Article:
To George Walker
Philadelphia Mar. 1. 1792.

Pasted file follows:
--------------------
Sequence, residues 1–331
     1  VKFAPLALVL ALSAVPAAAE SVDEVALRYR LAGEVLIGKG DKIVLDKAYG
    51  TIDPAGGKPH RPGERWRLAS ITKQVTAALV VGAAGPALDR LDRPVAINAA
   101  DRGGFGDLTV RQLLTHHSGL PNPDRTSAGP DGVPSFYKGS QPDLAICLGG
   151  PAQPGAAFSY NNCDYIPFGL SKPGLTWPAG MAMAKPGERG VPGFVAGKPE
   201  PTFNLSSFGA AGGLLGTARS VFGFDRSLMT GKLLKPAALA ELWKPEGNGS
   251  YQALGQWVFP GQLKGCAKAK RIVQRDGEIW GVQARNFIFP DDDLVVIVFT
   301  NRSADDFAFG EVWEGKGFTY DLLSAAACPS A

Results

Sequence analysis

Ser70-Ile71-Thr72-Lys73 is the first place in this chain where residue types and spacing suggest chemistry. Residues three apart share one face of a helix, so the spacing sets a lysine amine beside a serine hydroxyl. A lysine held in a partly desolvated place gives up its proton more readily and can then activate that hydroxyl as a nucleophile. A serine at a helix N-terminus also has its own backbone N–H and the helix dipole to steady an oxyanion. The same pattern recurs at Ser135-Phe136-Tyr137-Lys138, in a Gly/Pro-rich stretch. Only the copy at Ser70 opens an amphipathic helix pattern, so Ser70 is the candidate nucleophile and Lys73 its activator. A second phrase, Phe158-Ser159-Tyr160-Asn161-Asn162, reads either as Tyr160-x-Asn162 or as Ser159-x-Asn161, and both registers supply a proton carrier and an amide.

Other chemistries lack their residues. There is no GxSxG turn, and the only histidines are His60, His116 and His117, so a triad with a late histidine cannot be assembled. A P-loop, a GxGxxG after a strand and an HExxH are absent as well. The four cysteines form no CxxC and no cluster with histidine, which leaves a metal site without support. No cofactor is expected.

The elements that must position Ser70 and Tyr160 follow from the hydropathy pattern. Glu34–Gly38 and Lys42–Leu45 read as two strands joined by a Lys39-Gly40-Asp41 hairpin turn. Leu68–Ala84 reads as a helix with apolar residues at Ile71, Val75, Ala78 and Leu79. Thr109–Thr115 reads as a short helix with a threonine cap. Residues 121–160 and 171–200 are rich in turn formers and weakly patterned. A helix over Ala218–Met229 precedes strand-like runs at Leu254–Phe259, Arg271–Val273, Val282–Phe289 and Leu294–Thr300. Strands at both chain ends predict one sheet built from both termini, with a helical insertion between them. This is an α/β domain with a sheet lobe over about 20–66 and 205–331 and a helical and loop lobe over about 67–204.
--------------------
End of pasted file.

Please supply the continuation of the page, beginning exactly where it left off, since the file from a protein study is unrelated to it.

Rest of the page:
I was sorry that, being from home at the time you were so good as to call on me, I missed seeing you. The President being engaged also, was equally unlucky. As you left no letter for me, I took for granted that your negociation with Majr. Lenfant had proved fruitless. After your departure the President sent Mr. Lear to Major Lenfant to see what could be made of him. He declared unequivocally that he would act on no condition but the dismission of the Commissioners or his being made independant of them. The latter being impossible under the law, and the former too arrogant to be answered, he was notified that his services were at an end. I think you have seen enough of his temper to satisfy yourself that he never could have acted under any controul, not even that of the President himself: and on the whole I am persuaded the enterprize will advance more steadily, and more surely under a more temperate direction, under one which shall proceed as fast and no faster than it can pay. Measures will be immediately taken to procure plans for the public buildings, in which business five months have been lost by a dependance on Majr. Lenfant, who has made no preparation of that kind. I wish yourself and the inhabitants of George town to be assured that every exertion will be made to advance and secure this enterprize. I have the honour to be Sir your most obedt. humble servt.,